Hotchpotch was mesmerizing and will be read many times again. Ever since I was trying to read more of his writing. This collection of short stories, I understand, have varied reception. While few of my friends had very high opinion, there are many disappointed reactions. I too, went through the same upheaval while reading this book. Few of the stories were phenomenal and few did not make any ripples. This collection of stories, split into three parts, probably the time when they were written and in general the stories in the later part were more appealing than the earlier part.
"House taken over" from the first part was a brilliant story. A brother and Sister living in their ancestral house, finds their house has been "taken over" by some one. The some one could be the authorities or forces that can not be confronted. The build up (of their daily routine, their interests knitting, the french literature etc) and the irony of the old siblings ( the sure and gradual loosing of their hold on the place where they live, until forced out doors, locking the room and The eery and scary atmosphere is build up by the sounds of encroachment and noises they hear from adjoining rooms, in an otherwise silent house. were captured with such a brilliance. I'm sure there would be a lot more interpretations of this story.
"The Pursuer" from the third part is another one that impressed me a lot. The story of a exceptionally talented and equally eccentric ( alcoholic, addicted) American Jazz musician, told through his biographer , a music critic is the longest story of the collection. This story is dedicated to Ch P ( Charles Parker ?), Legendary musician, fighting his battle of personal issues, with the critic trying to support him rather ineffectively, and a silent witness in the form of his girlfriends. In the end, he not only bring himself down, he takes every one close to him through the downward spiral. "End of the Game" , "The Blow-up" apparently influenced the movie by the same name by Antonio Antonioni, and the first Axiotl were other interesting stories of this collection.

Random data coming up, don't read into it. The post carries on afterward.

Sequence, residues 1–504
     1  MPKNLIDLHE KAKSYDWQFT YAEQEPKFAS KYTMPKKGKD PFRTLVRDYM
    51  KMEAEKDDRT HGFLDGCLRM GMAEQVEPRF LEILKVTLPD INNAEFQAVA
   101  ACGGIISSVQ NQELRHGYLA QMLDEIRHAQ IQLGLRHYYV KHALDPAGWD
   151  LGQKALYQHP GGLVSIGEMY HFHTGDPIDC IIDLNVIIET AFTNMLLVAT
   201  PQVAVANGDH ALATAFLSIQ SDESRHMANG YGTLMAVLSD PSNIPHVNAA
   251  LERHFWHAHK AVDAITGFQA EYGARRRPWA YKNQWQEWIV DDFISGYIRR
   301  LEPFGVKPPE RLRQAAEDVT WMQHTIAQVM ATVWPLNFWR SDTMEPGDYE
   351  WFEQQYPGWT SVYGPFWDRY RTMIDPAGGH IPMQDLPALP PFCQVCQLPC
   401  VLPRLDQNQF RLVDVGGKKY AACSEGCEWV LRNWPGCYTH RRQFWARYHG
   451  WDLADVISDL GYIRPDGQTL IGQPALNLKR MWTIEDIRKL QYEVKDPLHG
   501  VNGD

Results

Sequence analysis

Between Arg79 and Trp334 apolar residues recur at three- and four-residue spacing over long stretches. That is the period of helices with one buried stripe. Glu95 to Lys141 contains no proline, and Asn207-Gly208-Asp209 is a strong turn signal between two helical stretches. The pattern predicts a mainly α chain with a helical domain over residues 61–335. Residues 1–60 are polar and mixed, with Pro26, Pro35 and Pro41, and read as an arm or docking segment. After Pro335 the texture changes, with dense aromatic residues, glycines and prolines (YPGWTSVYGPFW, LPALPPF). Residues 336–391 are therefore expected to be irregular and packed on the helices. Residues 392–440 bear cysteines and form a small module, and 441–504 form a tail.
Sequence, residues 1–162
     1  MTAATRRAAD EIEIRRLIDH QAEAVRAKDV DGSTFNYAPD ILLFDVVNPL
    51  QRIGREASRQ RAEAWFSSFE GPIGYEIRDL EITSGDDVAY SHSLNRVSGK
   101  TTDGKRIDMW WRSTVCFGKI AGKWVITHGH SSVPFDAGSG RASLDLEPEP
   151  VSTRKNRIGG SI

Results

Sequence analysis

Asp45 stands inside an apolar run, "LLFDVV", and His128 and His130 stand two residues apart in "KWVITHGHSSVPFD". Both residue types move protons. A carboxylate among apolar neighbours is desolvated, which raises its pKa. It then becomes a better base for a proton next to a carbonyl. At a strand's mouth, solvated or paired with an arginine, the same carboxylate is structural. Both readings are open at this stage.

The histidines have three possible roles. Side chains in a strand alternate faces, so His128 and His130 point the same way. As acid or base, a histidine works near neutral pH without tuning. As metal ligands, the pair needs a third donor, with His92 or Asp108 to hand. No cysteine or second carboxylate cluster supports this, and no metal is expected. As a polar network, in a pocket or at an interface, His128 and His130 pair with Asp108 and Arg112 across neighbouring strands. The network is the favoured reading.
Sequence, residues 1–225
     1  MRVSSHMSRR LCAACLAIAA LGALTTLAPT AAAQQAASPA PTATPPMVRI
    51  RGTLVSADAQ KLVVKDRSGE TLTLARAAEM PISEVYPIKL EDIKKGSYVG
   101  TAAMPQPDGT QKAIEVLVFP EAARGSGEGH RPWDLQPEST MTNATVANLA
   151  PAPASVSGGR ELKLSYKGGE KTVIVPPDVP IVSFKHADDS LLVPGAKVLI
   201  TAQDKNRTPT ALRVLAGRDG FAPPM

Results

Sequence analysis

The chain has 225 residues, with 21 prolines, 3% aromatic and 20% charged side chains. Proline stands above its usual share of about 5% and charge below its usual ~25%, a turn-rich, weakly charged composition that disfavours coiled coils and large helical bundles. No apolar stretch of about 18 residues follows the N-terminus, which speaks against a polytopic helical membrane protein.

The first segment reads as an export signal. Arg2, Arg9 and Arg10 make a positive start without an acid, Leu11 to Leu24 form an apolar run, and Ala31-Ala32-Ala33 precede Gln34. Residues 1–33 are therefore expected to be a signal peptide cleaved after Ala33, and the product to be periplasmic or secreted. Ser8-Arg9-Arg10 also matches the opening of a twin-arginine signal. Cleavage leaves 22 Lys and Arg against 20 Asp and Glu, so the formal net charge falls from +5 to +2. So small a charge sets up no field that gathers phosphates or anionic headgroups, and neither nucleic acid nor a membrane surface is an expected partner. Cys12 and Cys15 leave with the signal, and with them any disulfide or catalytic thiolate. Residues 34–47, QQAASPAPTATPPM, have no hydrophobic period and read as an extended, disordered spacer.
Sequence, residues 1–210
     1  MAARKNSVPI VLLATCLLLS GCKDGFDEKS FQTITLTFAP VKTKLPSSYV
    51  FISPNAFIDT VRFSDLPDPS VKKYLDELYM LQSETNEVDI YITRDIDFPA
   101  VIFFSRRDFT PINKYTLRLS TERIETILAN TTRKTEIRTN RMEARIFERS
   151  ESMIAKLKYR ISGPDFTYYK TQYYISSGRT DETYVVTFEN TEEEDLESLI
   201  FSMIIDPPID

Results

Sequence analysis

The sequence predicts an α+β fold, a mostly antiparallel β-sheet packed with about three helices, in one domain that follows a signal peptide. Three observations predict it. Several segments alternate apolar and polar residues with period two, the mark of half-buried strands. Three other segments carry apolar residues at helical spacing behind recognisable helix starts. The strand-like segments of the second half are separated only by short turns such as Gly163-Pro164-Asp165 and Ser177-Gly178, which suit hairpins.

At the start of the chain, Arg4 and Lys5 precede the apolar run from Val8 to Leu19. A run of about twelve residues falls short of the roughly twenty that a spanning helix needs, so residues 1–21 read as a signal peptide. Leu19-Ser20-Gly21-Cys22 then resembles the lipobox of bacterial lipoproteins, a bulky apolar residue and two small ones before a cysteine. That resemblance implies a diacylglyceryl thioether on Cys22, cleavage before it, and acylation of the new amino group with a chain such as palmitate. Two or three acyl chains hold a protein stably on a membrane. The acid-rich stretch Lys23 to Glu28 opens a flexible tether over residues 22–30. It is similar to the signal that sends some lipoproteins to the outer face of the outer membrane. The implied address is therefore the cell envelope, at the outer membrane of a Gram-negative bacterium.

His style and the language here is very similar to Hotchpotch, easy and simple sentences grows into you. He has a way of building the scene through his words. The human relations has an uneasy nature in almost every stories. They all are not necessarily ruled by the social norms. Even those stories, which did not make any great impression upon me, were carefully crafted. As a story teller, he is not behind any of his contemporaries. But this is no Hotchpotch, despite few gems of stories.----------------------------------------
Blow-Up and Other Stories ( 1963/1967)